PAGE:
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All that glitters is art at Betchler Museum jewelry exhibit
'All that Sparkles…" breaks boundaries
 
Published Friday, July 22, 2016 10:32 am
by Ashley Mahoney

PHOTO/ASHLEY MAHONEY
“All that Sparkles…20th Century  Artists’ Jewelry on display at the Bechtler Museum.

Art stimulates conversation.


Traditional topics stemmed from painting and sculpture, but as “All that Sparkles…20th Century Artists’ Jewelry” at the Bechtler Museum of Modern Art illustrates, the boundary between functional art and art to be looked at disintegrated.


“One trend of the 20th century was that this stuff was supposed to be less precious,” Bechtler curator Jennifer Sudul Edwards said. “Everything is supposed to be something that is [a part] of people’s lives, approachable for people’s lives, usable, touchable. There’s a lot interest in breaking down that barrier between artwork as precious and something that’s supposed to be a part of your life in every way.”


On view in the Bechtler’s second-floor gallery, the exhibit’s all-black design and strategic lighting stems from the idea of visitors entering a large jewelry box rather than an exhibit.


“Most of the artists in our collection are very much of that group that wanted that strong relationship and interaction between the viewer and the artwork,” Edwards said. “We are fortunate to have a lot of examples of that.”


“All that Sparkles…20th Century Artists’ Jewelry” includes several pieces that Andreas Bechtler, to whom the museum owes its name, wore. It includes artists such as Raffael Benazzi, Niki de Saint Phalle, Alberto Giacometti, Harry Bertoia, Clair Falkenstein and Alicia Penalba.


“We have a sculpture that we are going to show in the fall that literally is a puzzle piece,” Edwards said. “It’s brass, and you’re literally supposed to like take it apart and play with it. It’s beautiful, and it’s heavy, and it’s wonderful, but it’s also not possible now that it’s a museum piece, but it used to sit on credenza in the Bechtlers’ home. Andreas said he used to just sit there and fiddle with it and play with it. There is that interest in bringing that sort of user-friendly aspect of the work back.”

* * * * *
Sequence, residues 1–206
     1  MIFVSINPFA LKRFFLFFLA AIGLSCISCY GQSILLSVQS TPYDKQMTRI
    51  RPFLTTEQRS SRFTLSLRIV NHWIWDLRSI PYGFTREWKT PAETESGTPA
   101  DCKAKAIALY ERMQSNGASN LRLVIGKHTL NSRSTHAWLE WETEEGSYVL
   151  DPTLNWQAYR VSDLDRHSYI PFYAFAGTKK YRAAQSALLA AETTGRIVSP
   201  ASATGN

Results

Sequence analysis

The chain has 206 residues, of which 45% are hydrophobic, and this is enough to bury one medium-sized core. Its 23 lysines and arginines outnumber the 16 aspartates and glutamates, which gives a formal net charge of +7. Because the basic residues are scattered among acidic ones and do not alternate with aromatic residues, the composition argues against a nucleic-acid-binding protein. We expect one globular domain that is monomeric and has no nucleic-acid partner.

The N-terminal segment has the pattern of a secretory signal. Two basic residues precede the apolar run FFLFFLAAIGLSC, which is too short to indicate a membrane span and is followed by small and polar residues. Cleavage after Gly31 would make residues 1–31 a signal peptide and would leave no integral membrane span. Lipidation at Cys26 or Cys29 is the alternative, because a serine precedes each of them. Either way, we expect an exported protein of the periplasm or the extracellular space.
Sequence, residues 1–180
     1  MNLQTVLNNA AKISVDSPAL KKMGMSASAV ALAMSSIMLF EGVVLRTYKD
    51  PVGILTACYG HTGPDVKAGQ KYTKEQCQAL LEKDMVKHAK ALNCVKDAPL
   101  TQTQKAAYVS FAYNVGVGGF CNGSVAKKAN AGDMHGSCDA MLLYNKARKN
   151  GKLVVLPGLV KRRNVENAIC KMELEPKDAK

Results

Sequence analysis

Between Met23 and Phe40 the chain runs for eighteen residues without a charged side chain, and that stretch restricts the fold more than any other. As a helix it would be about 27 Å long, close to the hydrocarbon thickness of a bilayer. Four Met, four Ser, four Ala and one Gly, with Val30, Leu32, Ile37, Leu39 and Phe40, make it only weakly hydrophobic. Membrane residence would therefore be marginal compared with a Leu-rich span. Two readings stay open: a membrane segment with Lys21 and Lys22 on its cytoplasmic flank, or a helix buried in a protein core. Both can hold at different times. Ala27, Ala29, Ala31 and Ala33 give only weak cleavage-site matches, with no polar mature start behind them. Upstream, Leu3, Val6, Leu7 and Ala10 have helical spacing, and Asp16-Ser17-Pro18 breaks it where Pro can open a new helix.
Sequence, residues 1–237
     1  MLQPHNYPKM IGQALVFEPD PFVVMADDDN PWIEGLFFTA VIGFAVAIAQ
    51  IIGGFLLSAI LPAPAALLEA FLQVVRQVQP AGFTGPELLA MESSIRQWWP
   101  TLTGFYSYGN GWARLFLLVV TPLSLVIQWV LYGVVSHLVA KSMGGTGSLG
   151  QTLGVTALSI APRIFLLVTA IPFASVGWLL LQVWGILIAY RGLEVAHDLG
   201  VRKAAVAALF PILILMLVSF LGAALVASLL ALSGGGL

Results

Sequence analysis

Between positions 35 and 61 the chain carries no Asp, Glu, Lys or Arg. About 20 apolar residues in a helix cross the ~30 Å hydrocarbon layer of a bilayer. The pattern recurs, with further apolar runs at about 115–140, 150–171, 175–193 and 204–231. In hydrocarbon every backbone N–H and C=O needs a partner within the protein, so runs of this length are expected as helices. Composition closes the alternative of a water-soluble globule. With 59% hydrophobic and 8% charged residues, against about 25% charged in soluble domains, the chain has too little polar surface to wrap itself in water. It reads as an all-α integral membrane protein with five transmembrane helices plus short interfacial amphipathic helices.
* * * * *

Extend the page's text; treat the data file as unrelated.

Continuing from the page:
Several of the pieces illustrate a strong connection to Egyptian and Greek styles, such as Falkenstein. Her work reflects the response to the discovery of the contents of King Tut’s tomb in Egypt.


“Bringing the user-friendly aspect back “might also be a tradition of Greek and Egyptian art that’s coming in,” Edwards said.


Falkenstein preferred working with metal rather than making jewelry and found physics a fascinating influence on her work. Her name—outside of Europe and Los Angeles—goes largely unnoticed. However, historians have begun to reexamine her work. While history takes its time deciding where to place her work, Falkenstein challenged the commercialization of art in 1976, and her words apply to 2016: “I feel the whole world has been turned upside down by merchandising—not only of things and everyday products but art too, has come under the spell…you think in terms of repetition and repetition and repetition, putting out and treating it like a commodity. But you see, this isn’t. This isn’t a commodity. This is like a philosophic statement.”

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